plan to ensure that participants are able to plan for such services in 
the long-term as needed.

78.85 Suicide Prevention Services: Nontraditional and Innovative 
Approaches and Treatment Practices

    Section 78.85 explains that grantees providing or coordinating the 
provision of nontraditional and innovative approaches and treatment 
practices may provide or coordinate the provision of nontraditional and 
innovative approaches and treatment, including but not limited to 
complementary or alternative interventions with some evidence for 
effectiveness of improving mental health or mitigating a risk factor 
for suicidal thoughts and behavior, as set forth in the NOFO or as 
approved by VA that are consistent with SSG Fox SPGP. Applicants may 
propose nontraditional and innovative approaches and treatment 
practices in their suicide prevention services grant application, and 
grantees may propose these additional approaches and treatment 
practices by submitting a written request to modify the suicide 
prevention services grant in accordance with Sec.  78.125.
    VA is authorized under section 201(f)(1) of the Act to include such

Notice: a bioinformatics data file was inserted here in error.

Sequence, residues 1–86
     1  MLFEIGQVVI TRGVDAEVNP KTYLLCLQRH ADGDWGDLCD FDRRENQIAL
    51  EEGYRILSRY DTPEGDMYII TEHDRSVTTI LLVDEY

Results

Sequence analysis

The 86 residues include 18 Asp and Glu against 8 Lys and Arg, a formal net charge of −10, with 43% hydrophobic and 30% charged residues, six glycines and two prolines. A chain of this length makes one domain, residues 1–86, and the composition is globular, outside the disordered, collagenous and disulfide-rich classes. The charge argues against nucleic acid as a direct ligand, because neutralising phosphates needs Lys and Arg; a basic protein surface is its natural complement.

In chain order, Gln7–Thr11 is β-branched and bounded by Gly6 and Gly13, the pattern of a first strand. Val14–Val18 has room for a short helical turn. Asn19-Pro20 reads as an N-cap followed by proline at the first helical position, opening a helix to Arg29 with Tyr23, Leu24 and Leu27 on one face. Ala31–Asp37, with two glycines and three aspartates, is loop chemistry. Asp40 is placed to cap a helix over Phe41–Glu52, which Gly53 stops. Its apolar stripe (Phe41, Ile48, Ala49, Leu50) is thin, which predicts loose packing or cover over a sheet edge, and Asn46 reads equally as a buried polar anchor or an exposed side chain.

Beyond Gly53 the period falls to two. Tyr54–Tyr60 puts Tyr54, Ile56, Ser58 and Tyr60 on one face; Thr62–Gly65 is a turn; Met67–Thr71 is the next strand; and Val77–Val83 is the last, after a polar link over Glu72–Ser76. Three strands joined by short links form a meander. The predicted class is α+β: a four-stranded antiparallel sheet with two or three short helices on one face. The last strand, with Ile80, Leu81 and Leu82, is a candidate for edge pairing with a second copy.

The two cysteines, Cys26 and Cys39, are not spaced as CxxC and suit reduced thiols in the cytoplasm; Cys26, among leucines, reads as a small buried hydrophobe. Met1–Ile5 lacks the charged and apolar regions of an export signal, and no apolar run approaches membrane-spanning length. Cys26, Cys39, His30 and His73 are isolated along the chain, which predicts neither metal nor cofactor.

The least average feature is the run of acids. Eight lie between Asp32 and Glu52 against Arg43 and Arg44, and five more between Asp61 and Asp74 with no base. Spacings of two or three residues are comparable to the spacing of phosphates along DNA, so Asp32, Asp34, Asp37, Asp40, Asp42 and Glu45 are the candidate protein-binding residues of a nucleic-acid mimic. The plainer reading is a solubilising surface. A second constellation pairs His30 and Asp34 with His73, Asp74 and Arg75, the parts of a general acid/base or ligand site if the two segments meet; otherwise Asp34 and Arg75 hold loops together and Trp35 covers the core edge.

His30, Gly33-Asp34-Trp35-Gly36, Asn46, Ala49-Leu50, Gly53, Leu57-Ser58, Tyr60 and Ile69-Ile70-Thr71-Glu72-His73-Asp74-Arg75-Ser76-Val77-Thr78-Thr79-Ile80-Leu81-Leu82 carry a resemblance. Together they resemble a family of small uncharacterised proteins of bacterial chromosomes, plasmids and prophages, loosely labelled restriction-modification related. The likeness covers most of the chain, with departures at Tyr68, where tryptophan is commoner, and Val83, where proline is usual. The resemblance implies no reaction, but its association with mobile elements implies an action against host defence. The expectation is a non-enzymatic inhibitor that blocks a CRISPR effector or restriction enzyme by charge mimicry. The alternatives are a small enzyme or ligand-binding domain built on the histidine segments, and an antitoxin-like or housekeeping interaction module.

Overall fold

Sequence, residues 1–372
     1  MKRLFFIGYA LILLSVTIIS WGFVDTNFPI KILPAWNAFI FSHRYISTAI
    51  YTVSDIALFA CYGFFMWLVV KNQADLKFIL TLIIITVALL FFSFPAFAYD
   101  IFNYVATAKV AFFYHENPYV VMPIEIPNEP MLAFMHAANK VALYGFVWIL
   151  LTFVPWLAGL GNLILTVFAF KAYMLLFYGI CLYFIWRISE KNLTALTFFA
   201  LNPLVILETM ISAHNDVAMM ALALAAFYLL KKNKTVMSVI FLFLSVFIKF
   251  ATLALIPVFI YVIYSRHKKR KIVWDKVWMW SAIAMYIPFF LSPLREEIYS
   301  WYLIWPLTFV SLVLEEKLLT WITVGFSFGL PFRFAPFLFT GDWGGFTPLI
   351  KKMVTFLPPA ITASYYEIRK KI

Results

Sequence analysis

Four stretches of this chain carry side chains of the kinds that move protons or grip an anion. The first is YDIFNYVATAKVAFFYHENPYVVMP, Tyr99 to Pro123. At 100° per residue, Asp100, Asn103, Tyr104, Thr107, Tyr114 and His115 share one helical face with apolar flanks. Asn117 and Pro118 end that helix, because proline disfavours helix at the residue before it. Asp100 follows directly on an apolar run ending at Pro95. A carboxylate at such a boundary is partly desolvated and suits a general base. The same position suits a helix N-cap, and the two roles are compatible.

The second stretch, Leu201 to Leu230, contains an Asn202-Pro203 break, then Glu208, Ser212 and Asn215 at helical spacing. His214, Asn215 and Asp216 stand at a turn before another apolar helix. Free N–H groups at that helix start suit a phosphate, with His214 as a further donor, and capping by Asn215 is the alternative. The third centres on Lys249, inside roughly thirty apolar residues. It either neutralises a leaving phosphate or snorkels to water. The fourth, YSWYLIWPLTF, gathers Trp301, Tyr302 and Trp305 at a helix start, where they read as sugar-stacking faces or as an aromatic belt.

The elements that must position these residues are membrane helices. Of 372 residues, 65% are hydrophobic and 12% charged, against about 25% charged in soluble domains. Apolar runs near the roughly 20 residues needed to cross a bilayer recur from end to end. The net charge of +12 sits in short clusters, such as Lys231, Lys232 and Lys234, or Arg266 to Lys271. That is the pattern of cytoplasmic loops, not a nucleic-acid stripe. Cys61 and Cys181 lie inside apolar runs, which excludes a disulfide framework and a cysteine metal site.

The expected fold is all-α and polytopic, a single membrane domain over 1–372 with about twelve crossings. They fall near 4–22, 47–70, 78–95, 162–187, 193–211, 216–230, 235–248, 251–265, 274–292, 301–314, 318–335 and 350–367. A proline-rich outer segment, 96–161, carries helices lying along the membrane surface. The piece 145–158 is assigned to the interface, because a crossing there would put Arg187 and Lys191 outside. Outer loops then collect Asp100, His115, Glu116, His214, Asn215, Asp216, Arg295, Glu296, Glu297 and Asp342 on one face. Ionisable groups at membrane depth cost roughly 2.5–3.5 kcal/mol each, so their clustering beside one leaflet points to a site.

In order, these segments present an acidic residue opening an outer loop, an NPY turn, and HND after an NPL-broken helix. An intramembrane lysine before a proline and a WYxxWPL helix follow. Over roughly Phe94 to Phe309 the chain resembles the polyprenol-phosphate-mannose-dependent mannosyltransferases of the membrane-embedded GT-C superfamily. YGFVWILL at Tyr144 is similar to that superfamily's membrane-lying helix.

commitments as it considers necessary to carry out this section. VA is 
exercising this authority here by reserving the right to approve or 
disapprove nontraditional and innovative approaches and treatment 
practices to be provided or coordinated to be provided using funds 
authorized under SSG Fox SPGP. These approaches and treatment practices 
can evolve, and by maintaining the right to approve or disapprove these 
treatment practices or approaches, VA can ensure that participants 
receive approaches and treatment practices that are safe and effective. 
VA is not providing a broad list of approved innovative approaches and 
treatment practices to allow for emerging services with some evidence 
in suicide risk reduction the opportunity for review and selection. It 
is also important for VA to note that any approaches and treatment 
practices approved will need to be consistent with applicable Federal 
law. For example, the use of grant funds to provide or coordinate the 
provision of marijuana to eligible individuals and their families will 
be prohibited, as marijuana is currently illegal under Federal law.

[[Page 13824]]